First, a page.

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Full text of "To The Lighthouse"

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THE   LIGHTHOUSE

with which she went. Lily squeezed her tubes
again. She attacked that problem of the hedge.
It was strange how clearly she saw her, stepping
with her usual quickness across fields among whose
folds, purplish and soft, among whose flowers,
hyacinths or lilies, she vanished. It was some
trick of the painter's eye. For days after she had
heard of her death she had seen her thus, putting
her wreath to her forehead and going unquestion-
ingly with her companion, a shadow, across the
fields. The sight, the phrase, had its power to
console. Wherever she happened to be, painting,
here, in the country or in London, the vision would
come to her, and her eyes, half closing, sought
something to base her vision on. She looked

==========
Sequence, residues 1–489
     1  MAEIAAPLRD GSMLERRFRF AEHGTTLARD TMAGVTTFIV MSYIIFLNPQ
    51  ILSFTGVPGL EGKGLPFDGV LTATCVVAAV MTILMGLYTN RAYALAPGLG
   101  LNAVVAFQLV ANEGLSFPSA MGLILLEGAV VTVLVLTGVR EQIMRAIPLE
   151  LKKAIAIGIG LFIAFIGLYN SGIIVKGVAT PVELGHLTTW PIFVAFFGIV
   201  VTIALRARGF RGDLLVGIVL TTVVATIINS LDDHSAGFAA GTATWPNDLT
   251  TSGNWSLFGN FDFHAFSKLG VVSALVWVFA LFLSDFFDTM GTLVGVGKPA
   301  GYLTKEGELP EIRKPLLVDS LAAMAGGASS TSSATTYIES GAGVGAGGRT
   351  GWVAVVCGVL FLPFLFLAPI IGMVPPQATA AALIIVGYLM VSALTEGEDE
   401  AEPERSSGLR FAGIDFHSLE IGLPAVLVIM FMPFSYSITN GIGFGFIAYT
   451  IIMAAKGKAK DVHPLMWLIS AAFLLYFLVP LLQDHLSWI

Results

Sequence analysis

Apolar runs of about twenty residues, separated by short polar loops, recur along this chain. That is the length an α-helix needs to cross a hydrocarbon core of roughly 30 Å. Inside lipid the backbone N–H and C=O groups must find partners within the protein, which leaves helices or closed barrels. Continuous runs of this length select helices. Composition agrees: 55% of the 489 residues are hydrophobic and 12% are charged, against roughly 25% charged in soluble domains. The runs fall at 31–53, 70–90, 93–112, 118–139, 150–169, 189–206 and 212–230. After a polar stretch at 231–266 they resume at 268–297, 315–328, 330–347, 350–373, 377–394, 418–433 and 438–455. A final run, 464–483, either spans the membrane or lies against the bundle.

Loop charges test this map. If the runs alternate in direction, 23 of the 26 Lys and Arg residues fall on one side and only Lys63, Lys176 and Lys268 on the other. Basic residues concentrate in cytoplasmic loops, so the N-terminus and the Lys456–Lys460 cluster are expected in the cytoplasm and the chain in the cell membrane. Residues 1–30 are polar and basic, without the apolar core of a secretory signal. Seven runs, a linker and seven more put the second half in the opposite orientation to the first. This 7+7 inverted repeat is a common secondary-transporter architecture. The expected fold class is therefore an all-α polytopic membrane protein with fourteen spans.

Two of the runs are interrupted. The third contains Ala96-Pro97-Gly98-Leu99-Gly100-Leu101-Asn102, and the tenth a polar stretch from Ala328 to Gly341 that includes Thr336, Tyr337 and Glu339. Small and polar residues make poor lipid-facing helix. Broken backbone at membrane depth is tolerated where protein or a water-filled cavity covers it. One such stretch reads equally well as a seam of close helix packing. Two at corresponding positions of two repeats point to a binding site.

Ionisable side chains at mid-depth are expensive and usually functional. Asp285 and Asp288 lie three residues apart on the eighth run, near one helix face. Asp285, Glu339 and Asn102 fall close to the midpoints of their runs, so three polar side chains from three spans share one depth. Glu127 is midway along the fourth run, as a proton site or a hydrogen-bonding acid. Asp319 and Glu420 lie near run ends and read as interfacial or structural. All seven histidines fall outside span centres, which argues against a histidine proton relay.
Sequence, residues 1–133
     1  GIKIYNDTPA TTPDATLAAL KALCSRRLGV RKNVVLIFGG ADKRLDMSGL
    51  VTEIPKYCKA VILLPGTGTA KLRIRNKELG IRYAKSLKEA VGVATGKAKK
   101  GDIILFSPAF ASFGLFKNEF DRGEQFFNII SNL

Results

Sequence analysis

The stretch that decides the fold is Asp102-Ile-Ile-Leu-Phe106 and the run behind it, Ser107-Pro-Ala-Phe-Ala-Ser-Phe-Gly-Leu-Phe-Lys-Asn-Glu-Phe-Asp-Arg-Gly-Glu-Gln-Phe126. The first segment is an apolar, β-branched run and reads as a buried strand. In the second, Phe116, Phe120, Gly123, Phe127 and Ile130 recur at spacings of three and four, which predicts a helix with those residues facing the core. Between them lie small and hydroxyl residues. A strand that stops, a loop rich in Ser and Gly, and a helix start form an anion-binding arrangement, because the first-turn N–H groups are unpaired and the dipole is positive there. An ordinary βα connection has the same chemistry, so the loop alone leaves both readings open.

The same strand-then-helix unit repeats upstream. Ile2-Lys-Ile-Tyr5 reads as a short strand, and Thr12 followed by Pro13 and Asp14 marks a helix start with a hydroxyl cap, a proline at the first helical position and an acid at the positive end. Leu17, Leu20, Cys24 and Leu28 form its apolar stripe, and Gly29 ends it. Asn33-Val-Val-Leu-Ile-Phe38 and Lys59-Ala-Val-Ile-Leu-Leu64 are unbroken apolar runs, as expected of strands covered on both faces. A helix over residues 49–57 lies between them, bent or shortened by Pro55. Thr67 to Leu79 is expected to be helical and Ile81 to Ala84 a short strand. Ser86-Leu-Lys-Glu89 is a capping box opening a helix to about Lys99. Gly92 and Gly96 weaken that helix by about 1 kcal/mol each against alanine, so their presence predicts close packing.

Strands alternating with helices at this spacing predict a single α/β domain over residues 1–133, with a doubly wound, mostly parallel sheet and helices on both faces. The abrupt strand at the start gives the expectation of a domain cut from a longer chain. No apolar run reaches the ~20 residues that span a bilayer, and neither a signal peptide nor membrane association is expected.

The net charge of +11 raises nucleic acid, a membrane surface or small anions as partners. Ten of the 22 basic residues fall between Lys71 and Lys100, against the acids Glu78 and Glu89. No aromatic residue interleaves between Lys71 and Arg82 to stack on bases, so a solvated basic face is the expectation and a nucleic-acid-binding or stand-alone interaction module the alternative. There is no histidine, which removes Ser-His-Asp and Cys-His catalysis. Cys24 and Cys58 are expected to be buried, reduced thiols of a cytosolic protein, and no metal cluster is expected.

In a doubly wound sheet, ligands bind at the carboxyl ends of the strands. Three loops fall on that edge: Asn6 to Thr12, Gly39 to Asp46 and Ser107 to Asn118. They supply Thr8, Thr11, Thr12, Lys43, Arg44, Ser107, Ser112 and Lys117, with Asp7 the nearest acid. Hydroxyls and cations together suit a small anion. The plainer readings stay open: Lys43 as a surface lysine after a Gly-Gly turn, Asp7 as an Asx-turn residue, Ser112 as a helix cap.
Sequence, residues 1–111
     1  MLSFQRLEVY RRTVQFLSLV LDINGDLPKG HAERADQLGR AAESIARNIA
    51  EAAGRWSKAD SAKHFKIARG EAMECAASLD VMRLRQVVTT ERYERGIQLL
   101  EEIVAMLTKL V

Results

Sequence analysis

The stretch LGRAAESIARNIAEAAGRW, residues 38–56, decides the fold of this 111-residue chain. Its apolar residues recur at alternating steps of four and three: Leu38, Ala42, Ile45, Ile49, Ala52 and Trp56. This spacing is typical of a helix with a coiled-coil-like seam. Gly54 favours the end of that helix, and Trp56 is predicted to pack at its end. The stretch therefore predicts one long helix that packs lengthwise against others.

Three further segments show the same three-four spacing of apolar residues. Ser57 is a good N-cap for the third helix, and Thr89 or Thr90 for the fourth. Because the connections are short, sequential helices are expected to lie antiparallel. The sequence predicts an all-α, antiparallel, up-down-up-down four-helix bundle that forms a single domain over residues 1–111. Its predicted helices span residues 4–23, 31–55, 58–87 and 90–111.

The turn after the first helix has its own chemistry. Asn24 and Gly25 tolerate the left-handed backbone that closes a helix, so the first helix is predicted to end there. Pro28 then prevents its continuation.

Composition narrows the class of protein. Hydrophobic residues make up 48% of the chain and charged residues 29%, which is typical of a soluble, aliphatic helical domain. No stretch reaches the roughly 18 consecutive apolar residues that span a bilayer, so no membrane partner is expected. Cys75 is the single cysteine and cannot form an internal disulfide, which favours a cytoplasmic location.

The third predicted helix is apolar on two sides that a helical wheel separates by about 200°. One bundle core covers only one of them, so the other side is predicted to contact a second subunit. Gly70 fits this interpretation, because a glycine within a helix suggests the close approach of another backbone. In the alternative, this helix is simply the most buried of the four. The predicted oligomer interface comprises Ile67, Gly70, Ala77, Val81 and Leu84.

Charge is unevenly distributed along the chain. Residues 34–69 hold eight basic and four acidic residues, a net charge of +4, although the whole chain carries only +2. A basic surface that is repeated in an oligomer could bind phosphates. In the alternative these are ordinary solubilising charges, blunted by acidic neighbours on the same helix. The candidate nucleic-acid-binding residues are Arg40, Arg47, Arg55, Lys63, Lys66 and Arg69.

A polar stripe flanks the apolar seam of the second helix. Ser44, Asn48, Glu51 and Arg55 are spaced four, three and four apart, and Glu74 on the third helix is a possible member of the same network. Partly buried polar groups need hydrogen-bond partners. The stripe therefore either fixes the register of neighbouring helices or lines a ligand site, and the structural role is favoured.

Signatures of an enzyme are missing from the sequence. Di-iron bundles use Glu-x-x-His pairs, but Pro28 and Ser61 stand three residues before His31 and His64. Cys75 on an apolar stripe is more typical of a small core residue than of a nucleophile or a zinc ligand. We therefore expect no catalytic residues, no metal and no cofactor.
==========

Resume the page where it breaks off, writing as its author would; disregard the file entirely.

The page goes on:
down the railway carriage, the omnibus; took
a line from shoulder or cheek; looked at the
windows opposite; at Piccadilly, lamp-strung in
the evening. All had been part of the fields of
death. But always something—it might be a face,
a voice, a paper boy crying Standard^ News—
thrust through, snubbed her, waked her, required
and got in the end an effort of attention, so that
the vision must be perpetually remade. Now
again, moved as she was by some instinctive need
of distance and blue, she looked at the bay beneath
her, making hillocks of the blue bars of the waves,
and stony fields of the purpler spaces. Again she

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